A retirement plan may, but is not required to, provide for hardship distributions. Many plans that provide for elective deferrals provide for hardship distributions. Thus, 401(k) plans, 403(b) plans, and IRA plans may permit hardship distributions.
If a plan provides for hardship distributions, it must provide the specific criteria used to make the determination of hardship. Thus, for example, a plan may provide that a distribution can be made only for medical or funeral expenses, but not for the purchase of a principal residence or for payment of tuition and education expenses. In determining the existence of a need and of the amount necessary to meet the need, the plan must specify and apply nondiscriminatory and objective standards. (Reg. §1.401(k)-1(d)(3)(i))
So. The answer to your question is withing the criteria set out by the employer.
If on the other hand, you are asking (as many of my clients confuse) whether you qualify not to pay the 10% penalty on early withdrawal, no this does not meet IRS criteria.
Hardship criteria set out by an employer is completely up to them and varies. If that is your question, only the employer can answer it for you.
My Plan Administrator says she only needs to know that I have a bona fide hardship, but she's not interested in proof. That is between me and the IRS. I'm 63, so I don't think I get the 10% penalty.
You are correct. There would be no penalty. In these circumstances, I am not sure what hardship has to do with anything.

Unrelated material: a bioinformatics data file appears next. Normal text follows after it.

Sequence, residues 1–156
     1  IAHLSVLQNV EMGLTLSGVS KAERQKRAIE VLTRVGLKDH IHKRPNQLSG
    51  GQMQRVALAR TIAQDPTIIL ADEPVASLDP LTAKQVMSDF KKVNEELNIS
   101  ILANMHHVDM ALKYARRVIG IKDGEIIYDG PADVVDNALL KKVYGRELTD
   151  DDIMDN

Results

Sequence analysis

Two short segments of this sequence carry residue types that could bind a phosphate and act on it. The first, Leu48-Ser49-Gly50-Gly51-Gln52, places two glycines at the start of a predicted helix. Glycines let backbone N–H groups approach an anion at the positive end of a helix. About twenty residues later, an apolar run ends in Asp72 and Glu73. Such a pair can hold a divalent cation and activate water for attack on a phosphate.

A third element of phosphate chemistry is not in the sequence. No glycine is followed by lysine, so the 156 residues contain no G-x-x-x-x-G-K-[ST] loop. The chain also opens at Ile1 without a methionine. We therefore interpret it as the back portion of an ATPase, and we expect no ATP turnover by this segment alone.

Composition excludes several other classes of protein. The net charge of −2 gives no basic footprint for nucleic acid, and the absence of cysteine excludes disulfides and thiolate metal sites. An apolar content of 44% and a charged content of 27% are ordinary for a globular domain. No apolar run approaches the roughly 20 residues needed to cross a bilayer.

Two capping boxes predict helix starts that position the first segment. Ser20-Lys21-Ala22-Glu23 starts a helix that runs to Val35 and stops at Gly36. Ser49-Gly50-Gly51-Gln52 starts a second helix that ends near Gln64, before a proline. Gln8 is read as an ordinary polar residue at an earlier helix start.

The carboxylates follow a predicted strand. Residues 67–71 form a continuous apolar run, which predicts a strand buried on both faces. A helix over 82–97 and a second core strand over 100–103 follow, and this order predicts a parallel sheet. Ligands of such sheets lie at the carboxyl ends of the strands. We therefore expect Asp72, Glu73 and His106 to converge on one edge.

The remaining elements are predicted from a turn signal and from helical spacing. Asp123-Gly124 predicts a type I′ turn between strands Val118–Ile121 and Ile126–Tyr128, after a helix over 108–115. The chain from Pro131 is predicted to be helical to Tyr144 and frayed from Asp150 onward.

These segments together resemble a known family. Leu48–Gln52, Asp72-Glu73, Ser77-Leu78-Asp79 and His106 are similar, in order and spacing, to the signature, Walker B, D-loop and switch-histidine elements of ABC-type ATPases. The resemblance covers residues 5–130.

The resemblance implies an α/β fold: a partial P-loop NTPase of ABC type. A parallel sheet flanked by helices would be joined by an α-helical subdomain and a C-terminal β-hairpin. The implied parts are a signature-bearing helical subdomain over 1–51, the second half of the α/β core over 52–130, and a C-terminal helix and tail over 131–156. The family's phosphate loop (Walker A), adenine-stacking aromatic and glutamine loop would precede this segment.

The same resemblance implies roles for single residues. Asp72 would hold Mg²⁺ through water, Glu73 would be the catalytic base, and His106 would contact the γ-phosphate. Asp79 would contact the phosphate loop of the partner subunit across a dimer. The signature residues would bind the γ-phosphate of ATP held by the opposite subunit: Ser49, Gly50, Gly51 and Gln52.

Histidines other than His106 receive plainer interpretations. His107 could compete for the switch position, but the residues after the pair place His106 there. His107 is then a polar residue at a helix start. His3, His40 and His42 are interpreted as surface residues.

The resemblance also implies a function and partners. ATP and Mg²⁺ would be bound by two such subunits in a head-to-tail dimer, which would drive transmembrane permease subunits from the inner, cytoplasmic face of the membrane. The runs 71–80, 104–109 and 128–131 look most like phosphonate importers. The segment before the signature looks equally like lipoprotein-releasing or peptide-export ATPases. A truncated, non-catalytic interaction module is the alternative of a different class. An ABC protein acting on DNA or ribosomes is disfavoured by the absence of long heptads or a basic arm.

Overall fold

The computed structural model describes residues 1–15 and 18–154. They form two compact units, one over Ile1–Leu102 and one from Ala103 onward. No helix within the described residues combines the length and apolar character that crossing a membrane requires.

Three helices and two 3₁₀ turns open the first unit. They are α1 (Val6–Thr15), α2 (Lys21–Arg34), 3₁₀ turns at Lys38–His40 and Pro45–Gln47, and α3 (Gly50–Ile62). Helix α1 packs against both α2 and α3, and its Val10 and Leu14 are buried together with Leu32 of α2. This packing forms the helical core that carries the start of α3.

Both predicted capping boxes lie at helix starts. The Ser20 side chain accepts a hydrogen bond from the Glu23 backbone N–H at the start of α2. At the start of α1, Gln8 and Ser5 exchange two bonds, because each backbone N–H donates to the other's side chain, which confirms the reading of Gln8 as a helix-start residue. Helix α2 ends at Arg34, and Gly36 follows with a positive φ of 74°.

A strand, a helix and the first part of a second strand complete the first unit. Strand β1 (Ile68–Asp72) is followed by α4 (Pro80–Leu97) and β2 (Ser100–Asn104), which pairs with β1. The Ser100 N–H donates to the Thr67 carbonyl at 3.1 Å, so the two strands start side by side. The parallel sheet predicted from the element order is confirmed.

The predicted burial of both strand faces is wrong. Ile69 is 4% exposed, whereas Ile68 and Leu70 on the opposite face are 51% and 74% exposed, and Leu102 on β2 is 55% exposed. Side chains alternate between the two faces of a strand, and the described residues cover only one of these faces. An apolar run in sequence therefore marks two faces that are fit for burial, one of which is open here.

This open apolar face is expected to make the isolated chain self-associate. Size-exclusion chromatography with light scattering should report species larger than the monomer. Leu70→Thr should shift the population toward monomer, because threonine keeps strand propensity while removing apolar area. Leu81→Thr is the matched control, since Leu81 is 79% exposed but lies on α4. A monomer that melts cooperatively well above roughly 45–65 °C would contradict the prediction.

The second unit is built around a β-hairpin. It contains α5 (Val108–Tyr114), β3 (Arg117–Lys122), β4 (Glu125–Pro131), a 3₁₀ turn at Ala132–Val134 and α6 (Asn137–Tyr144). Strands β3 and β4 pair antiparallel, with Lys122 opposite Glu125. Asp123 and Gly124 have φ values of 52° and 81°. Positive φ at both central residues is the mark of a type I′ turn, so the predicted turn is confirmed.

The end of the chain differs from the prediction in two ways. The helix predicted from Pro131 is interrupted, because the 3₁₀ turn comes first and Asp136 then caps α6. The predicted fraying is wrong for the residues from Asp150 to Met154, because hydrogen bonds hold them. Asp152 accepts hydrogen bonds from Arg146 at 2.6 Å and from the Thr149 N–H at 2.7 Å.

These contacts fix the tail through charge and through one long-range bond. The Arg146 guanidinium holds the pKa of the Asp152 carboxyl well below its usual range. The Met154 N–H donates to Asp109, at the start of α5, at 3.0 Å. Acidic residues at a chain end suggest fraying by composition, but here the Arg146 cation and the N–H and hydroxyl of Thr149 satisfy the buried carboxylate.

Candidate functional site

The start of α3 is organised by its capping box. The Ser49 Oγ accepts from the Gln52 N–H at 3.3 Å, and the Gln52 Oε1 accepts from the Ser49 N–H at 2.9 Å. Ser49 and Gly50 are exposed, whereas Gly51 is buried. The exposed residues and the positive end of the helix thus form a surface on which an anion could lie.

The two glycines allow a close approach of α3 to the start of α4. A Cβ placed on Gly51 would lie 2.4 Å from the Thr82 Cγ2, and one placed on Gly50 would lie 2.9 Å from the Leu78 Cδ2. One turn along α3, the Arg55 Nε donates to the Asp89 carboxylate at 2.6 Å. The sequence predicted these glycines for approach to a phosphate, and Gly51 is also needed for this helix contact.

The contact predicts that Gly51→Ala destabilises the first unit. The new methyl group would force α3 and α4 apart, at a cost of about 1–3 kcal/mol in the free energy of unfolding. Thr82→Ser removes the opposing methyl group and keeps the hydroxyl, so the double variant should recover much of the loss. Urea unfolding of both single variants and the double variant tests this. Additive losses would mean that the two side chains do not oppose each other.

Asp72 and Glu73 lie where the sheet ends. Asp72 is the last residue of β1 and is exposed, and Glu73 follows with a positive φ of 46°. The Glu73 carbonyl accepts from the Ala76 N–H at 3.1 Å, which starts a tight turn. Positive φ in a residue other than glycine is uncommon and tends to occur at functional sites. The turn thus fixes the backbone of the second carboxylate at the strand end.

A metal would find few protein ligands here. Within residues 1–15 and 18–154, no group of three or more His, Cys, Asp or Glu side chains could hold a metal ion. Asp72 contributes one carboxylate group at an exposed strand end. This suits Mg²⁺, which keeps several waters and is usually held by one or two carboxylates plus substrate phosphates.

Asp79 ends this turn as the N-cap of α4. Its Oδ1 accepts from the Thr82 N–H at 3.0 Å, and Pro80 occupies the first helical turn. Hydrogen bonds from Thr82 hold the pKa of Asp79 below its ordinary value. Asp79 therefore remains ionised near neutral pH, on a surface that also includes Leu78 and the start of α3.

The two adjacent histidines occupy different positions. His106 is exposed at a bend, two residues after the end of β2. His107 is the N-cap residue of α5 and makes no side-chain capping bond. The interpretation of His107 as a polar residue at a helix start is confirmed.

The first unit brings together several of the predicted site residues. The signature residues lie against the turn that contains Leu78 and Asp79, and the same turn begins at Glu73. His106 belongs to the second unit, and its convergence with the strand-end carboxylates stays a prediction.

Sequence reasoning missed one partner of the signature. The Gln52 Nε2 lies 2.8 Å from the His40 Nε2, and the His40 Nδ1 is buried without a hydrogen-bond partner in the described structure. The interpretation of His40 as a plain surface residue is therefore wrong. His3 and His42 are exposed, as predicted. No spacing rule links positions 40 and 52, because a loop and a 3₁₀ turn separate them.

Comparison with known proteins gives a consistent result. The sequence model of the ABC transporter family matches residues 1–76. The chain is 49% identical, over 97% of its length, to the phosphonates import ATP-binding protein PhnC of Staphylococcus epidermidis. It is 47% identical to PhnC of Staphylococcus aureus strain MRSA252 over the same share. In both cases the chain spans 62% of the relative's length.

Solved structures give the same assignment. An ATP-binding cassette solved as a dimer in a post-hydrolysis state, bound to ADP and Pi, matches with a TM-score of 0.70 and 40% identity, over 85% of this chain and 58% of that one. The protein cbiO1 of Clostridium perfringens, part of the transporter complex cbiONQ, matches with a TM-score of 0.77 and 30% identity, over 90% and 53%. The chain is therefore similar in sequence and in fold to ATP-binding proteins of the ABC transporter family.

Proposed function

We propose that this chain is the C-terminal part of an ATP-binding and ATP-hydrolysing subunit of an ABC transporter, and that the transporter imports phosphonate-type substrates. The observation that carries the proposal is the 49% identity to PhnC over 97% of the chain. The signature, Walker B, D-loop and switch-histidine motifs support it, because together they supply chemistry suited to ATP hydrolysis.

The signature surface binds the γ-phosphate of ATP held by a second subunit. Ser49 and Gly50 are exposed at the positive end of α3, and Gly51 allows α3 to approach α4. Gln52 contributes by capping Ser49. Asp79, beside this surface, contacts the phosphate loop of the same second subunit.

You will have to pay tax on the distribution if that is what you are asking.
There is no exception to paying tax on a distribution . Hardship comes up in 2 ways. Avoiding the penalty and determining whether a employer restricted fund can be accessed. Neither seem to be the case here.
Well, the categories of hardship laid out by the IRS lists things like medical expenses and repairs to primary residence. But I can't find examples of what exactly qualifies. Are you saying the IRS is not likely to care, as long as I pay the tax on the withdrawal?
Those are in relation to whether someone under the age of 59 1/2 can avoid the 10% penalty. I am going to go out on a limb here and say the Plan Administrator had no idea what they were talking about.
That is exactly right. The only interest the IRS has in an IRA withdrawal is that it is included on your tax return.
I think we have the answer.
Great. Thank you.
If you did show hardship. What would it accomplish. You don't have to pay the penalty and you do have to pay tax. What else is there?
Have a good day.